Collagen synthesis by picrosirius red staining
Human dermal fibroblasts were seeded in a 24-well plate at 20,000 cells/cm2. After cells became confluent, cells were treated with the growth medium with AA and various concentrations (0, 0.1, 1, and 10 μM) of the hit compounds and the negative control was placed in identical conditions without AA supplementation (N = 4). On day 14, the cells were fixed with 10% neutral buffered formalin and stained with picrosirius red (PolyScience, USA) for gross collagen visualization. For a quantitative analysis, the stained dye was then eluted in 0.1 N sodium hydroxide from each well, and a plate reader (SYHNERGY H1 plate reader, USA) was used to determine the absorbance at a wavelength of 550 nm. This experiment was conducted via three repetitions, with positive controls representing no hit compound treatment with AA supplementation and negative controls representing no hit compound treatment without AA supplementation. Statistical analysis was performed by one-way ANOVA and Dunnett’s tests, using the 0 μM + AA group as the point of comparison.
For the purposes of this experiment, media changes with AA supplementation were conducted every 3 days over a course of 14 days, with each media change coinciding with a simultaneous hit supplementation by a single hit compound at the specified dosage for that treatment group. This method was used to study the effect of each hit compound at the specified concentration throughout the course of normal wound healing. Typically, this experiment would be conducted over 48 h, yet the extension to 14 days allowed for investigation of how these cells would respond in a simulation of multiple phases of wound healing. Specifically, this allowed for investigation of how the development of collagen would progress into the proliferative phase of wound healing, thereby giving a more accurate representation of the level of collagen formation at the time of hypertrophic scar development in healing cutaneous wounds.
Collagen-related gene expression
One of the purposes of this study is to determine the level of gene activity during the height of collagen formation to serve as an indicator of how healing cutaneous wounds would induce collagen formation during the window in which HTS commonly form. As such, this experiment sought to replicate the time frame during the proliferative phase of wound healing to give a more accurate depiction of how hit compound supplementation would mitigate the excessive collagen expression characteristic of HTS.
Human dermal fibroblasts were seeded in a six-well plate at 20,000 cells/cm2. After cells became confluent, cells were treated with the growth medium with AA and various concentrations (0, 0.1, 1, and 10 μM) of the Dwn1 and Dwn2 for 14 days (N = 3). Total RNA was extracted from cultured HDFa on experimental day 14 using the RNeasy kit (Qiagen, USA), and were then analyzed for quality and concentration using NanoDrop (Thermo Fisher Scientific, Waltham, MA, USA). cDNA synthesis was carried out using the High-Capacity RNA-to-cDNA™ kit (Thermo Fisher Scientific, Waltham, MA, USA) following the manufacturer’s protocol. Quantitative real-time PCR (qPCR) was carried out using TaqMan primer/probe sets (Thermo Fisher Scientific, Waltham, MA, USA), as per manufacturer instructions, for genes collagen type I (COL1A1: Mm0080166_g1, COL1A2: Mm00483888_m1) and collagen type III (COL3A1: Mm00802300_m1). This experiment was conducted via three repetitions, with positive controls representing no hit compound treatment with AA supplementation and negative controls representing no hit compound treatment without AA supplementation. Statistical analysis was performed by one-way ANOVA and Dunnett’s tests, using the 0 μM + AA group as the point of comparison.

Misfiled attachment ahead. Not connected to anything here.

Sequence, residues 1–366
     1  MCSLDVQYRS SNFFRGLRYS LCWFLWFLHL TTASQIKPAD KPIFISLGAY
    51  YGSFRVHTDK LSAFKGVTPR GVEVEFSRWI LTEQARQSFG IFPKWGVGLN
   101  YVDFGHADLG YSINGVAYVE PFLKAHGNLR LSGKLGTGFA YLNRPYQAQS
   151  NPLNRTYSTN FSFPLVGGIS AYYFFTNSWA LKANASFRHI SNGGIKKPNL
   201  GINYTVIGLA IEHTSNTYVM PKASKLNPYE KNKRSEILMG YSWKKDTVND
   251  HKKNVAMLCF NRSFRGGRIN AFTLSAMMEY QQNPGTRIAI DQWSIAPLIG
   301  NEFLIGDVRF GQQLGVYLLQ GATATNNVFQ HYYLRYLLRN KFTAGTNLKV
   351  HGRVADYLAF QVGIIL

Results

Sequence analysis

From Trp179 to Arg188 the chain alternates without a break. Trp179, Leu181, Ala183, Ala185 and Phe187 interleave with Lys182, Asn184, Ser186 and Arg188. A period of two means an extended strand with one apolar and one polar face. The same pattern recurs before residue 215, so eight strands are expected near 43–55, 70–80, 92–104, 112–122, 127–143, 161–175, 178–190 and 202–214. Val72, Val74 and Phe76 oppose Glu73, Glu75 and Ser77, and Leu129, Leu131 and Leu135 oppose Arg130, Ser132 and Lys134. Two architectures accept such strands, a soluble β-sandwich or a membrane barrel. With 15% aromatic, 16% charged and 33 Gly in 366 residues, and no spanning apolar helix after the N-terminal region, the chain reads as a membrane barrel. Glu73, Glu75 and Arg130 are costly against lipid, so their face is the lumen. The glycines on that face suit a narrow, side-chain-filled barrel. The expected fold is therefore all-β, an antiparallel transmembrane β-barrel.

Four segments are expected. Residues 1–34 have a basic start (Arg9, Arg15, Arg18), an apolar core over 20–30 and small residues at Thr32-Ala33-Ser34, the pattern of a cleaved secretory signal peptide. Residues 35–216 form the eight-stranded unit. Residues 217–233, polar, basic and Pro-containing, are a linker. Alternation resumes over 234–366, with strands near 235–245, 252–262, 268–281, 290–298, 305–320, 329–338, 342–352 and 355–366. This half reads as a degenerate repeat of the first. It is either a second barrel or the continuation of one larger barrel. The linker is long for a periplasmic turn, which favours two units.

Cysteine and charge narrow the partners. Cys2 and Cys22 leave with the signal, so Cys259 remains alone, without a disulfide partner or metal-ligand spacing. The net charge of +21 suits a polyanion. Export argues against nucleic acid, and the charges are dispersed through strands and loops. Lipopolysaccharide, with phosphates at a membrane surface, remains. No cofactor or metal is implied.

In vitro fibroblast-to-myofibroblast differentiation test
To observe the myofibroblast differentiation on HDFa, HDFa were cultured in a six-well plate in the growth medium containing 10 ng/ml recombinant human Transforming Growth Factor Beta 1 (TGF-b1) (R&D Systems, USA) and AA with various concentrations (0, 0.1, 1, and 10 μM) of the Dwn1 and Dwn2 for 3 days (N = 3). Total RNA was extracted and cDNA synthesis were carried as described above. The qPCR was carried out using TaqMan primer/probe for a myofibroblast marker, alpha smooth muscle actin (a-SMA) (14) (ACTA2: Mm01546133_m1). This experiment was conducted via three repetitions, with positive controls representing no hit compound treatment with AA supplementation and negative controls representing no hit compound treatment without AA supplementation. Statistical analysis was performed by one-way ANOVA and Dunnett’s tests, using the 0 μM + AA group as the point of comparison.
Cell migration assay